Importantly, the Order also provides Treasury broad powers to nullify, void or compel divestiture of any prohibited transaction.

The ANPRM indicates that the program is not proposed to apply to investments made prior to the effective date of the forthcoming regulations. However, Treasury may, after the effective date of the regulations, request information about covered transactions completed by U.S. persons after the issuance of the Order.

According to the ANPRM, the program likely will also prohibit U.S. persons from “knowingly directing transactions” that are otherwise prohibited by the program. This includes:

  • U.S. persons who manage a foreign fund.
  • U.S. person officers, senior managers or equivalent senior-level employees at a foreign fund that undertakes a transaction at that U.S. person’s direction.
  • U.S. person venture partners who launch a foreign fund.

The program will also impose obligations on U.S. persons who “control” (i.e., own, directly or indirectly, a 50% or greater interest) a foreign entity to notify the U.S. government of notifiable transactions and take “all reasonable steps” to prevent prohibited transactions undertaken by the controlled foreign entity — a potentially hefty compliance burden on U.S. person parents.

While Treasury appears to at least partially borrow jurisdictional hooks from the sanctions toolbox and suggests adopting broad knowledge standards from the Export Administration Regulations, it also recognizes in its inquiries that the information needed to comply with the program may not be readily available to U.S. investors.

The ANPRM makes clear that the program’s eventual regulations will carve out several “excepted transactions” that are expected to include investments in publicly traded securities, exchange-traded fund investments, U.S. person passive limited partnership investments below a to-be-announced de minimis threshold, intracompany transfers from a U.S. parent to a Chinese subsidiary, committed but uncalled capital investments and covered foreign person buyouts.

Notably, the contemplated “excepted transactions” concept could permit U.S. persons to passively invest in funds managed by non-U.S. general partners but would capture investments by a fund managed by a U.S.-person general partner. In addition to these limited carve-outs, the definition of “covered transaction” is expected to exclude certain enumerated activities including:

  • University-to-university research collaborations.
  • Procurement of inputs for covered national security technologies.
  • Intellectual property licensing arrangements.
  • Certain activities secondary to a covered transaction (e.g., bank lending; the processing, clearing or sending of payments by a bank; underwriting services; prime brokerage).

Treasury’s timeline for creating the outbound FDI review program is not entirely clear, but the program is unlikely to go into effect for at least several months. The ANPRM solicits public feedback on 83 distinct questions regarding the eventual implementation of the Order. Public comments must be received within 45 days of the ANPRM’s publication in the Federal Register, and we expect — as has occurred in similar situations — significant comment from a variety of interested parties.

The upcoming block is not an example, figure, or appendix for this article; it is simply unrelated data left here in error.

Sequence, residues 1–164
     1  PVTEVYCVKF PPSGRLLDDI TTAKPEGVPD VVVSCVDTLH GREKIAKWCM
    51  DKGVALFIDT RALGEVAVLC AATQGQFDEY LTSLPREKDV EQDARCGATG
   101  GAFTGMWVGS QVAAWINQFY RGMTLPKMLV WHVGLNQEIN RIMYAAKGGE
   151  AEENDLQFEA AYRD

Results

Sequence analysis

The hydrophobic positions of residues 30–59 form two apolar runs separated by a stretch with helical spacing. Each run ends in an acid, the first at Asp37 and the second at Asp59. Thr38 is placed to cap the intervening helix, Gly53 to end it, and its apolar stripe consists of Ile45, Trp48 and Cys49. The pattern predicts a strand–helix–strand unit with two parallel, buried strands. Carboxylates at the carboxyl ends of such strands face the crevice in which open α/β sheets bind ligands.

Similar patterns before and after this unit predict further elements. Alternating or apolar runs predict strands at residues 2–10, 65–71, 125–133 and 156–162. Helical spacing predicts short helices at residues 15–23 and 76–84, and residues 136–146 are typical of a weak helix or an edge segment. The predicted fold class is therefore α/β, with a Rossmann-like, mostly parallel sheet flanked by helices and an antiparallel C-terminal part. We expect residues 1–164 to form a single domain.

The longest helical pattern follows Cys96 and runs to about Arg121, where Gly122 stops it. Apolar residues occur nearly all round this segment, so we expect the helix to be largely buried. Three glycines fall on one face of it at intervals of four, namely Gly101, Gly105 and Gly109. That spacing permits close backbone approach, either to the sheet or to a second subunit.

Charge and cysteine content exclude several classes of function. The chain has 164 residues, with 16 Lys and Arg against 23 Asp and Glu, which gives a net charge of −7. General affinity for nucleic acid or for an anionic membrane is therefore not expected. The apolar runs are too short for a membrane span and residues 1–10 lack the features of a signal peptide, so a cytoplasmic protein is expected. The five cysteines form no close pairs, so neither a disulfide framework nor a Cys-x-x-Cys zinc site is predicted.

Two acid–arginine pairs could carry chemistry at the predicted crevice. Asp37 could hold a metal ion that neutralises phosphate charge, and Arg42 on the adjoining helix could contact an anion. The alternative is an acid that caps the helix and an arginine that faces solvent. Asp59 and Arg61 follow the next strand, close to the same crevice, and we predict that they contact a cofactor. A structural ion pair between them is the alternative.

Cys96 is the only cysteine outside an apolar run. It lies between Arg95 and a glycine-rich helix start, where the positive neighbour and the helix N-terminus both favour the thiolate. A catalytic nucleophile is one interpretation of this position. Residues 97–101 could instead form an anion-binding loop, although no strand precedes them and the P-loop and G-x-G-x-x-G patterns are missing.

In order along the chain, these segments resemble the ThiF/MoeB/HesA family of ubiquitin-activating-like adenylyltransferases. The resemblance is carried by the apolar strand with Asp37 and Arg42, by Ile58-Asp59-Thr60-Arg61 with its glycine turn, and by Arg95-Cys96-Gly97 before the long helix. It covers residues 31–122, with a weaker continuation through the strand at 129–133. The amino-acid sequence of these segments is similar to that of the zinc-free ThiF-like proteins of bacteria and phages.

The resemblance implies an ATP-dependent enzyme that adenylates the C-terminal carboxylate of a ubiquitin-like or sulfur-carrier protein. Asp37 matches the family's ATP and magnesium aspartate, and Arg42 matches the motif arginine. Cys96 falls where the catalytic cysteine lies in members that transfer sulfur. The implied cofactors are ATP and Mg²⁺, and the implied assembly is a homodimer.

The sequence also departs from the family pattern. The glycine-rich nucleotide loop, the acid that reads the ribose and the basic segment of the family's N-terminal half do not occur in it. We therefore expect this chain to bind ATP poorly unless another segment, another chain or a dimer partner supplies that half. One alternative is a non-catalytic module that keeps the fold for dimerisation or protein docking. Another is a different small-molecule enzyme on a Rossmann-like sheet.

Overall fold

Potential for Further Action by US Congress and US Allies

While Congress has considered regulating outbound U.S. investments for several years, legislation has proven to be elusive. In September 2022, several members of Congress who have been key proponents for legislation — led by Sens. Robert Casey, D-Pa., and John Cornyn, R-Texas — wrote to President Joe Biden to “urge your Administration to move forward with executive action — which can then be bolstered by statutory provisions — to safeguard our national security and supply chain resiliency on outbound investments to foreign adversaries.”

Sen. Casey recently co-led a new outbound investment legislative proposal, an amendment to a pending defense policy bill in the Senate that would require notification of certain outbound investments. Unlike the Order, it would not prohibit any transactions. Thus, while the Order represents the first step toward regulating outbound U.S. investments in China, congressional action may follow.

Another key area to watch will be the reaction of U.S. partners and allies. Some U.S. allies that have created their own CFIUS-like reviews for inbound FDI have signaled a willingness to consider outbound FDI review mechanisms. Treasury’s fact sheet makes clear the Order and ANPRM were developed following discussions with the G-7 and other ally and partner engagements conducted by the Biden administration.

International initiatives, however, will almost certainly trail U.S. efforts. If the U.S. becomes an island in these efforts, the practical effects of the Order may be more limited as Chinese companies find capital elsewhere — something they have increasingly done over the past several years.


1 See the BEA’s “U.S. Direct Investment Abroad: Balance of Payments and Direct Investment Position Data” and “Foreign Direct Investment in the U.S.: Balance of Payments and Direct Investment Position Data,” both as of August 10, 2023.

2 “U.S. person” is any U.S. citizen or permanent resident, entity organized under the laws of the United States or any jurisdiction within the United States, including any foreign branches of any such entity, and any person in the United States.